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  • Vol. XXIV. No. 1.



    .. A trivial Grammar School text, but yet worthy a wise

    man's consideration "-Bacoll's Essay 011 Boldlless.

    MARCH, 1907.




    J. U. SMITH.

    S. C. BENNETT. W. J. DOW.

    H. G. MAY. W. G. WALTER.




  • THE


    No. CCXLIV. MARCH, 1907.


    VOL. XXIV.

    itHE present year has started sadly for Sherborne, '1}J through the loss of Mr. Blanch. We do not intend,

    however, in this place to do more than express the deep sympathy which the School feels for Mrs. Blanch. Nor is this the only bereavement which Sherborne has suffered since the New Year. Yet another famous Old Shirburnian has passed to his rest in the person of Col. Stewart, C.M.G., the well-known King's Messenger.

    Since the above was written we learn with deep regret of the death of Rear-Admiral Raby, v.c. We believe we are correct in saying that the late Admiral was the first to be decorated with the highest honour which bravery can earn. Admiral Raby was at Sherborne with the present Vicar of Sherborne when Dr. Lyon was Headmaster. Up to the last the Admiral took a great interest in the School; always carefully reading the O.SS. report. It is the third .sudden

  • 2 The Shirburniall. [MARCH,

    blow which has fallen on 8herbo1'11e recently; and only those who saw how well Admiral Raby was at Christmas can say how sudden it is.

    In the death of Mr. J. Hoddinott the School loses a very old and tried friend. Mr. Hoddinott was very closely connected with the School and only resigned his seat on the Gove.1'11ing Board last year.

    To pass to more cheerful themes we must sincerely congratulate this year's XV., who can boast an unbeaten record. To quote the Headmaster,' the team owes its success, not to possessing two or three brilliant individual players, but to being a good "all-rounel" team.' It is a great feat for a small school like Sherborne to possess- if not THE strongest-at any rate one of the strongest public school teams of the year. We all owe a deep debt of gratitude to Mr. G. M. Carey for so carefully coach- ing the team, and to the Captain, C. O'D. Carey, for the brilliant manner in which he led his side to victory.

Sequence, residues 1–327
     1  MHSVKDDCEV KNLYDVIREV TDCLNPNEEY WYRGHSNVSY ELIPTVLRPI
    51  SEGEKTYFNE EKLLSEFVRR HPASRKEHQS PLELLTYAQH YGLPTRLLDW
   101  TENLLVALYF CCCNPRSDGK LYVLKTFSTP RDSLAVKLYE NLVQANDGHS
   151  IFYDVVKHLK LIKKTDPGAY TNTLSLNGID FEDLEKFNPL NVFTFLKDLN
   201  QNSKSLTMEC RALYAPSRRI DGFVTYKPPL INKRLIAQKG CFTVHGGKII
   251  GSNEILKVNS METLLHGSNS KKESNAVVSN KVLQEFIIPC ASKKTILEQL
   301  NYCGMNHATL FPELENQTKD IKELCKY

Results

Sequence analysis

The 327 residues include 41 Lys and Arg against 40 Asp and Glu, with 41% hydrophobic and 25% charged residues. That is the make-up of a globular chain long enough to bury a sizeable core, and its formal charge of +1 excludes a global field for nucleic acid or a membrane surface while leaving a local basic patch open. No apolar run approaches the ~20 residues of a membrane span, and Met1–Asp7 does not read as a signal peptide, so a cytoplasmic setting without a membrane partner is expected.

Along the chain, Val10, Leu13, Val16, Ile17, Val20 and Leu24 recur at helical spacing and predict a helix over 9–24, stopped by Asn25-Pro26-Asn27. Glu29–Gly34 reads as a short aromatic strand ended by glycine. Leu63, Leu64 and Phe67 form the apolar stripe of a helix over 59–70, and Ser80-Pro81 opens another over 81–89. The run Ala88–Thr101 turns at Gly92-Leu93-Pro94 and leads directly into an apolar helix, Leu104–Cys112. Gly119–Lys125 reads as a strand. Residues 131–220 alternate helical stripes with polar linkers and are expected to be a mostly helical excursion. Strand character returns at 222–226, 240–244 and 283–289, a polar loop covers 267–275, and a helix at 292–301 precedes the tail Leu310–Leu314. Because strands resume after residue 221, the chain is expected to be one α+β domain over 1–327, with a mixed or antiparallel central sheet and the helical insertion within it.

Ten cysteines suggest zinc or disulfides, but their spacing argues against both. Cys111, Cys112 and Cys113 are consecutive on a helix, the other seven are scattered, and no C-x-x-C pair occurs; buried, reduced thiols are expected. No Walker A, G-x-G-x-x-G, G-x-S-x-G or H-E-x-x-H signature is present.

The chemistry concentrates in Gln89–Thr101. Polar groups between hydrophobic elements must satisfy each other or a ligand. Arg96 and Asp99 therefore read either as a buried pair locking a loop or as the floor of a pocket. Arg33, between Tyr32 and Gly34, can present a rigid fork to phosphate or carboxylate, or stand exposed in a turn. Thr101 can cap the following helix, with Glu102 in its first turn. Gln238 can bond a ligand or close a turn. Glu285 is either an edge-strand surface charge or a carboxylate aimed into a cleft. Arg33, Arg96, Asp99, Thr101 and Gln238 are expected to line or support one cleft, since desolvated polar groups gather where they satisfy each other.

It is not in Games alone, however, that the School has been diRtinguishing itself. We have the greatest pleasure in offering our warmest congratulations to J~ R. Wallers, on gaining a scholarship at Sidney Sussex College, Cambridge, and O. King on his scholarship at Christ Church, Oxford.

    And before these there lies a trial even more severe in attaining that mathematical efficiency required by their respective Universities. J\h. D. C. Jones-whom we most warmly welcome-is, we hear, doing wonders in this line, and weird symbols-never before known to the Classical

  • 190 7·J The Shirburnian 3

    VI.-are appearing in all their horror to our astonished gaze. Instead of quietly wrestling with the early part of Hall and Knight, known almost by heart to 'the young student,' those, who were lately revelling in the beauties of Plato and Sophocles, have to struggle with strange theories of Baker and Bourne. We hope that out of this evil good may come in a large number of ' certificates' next term.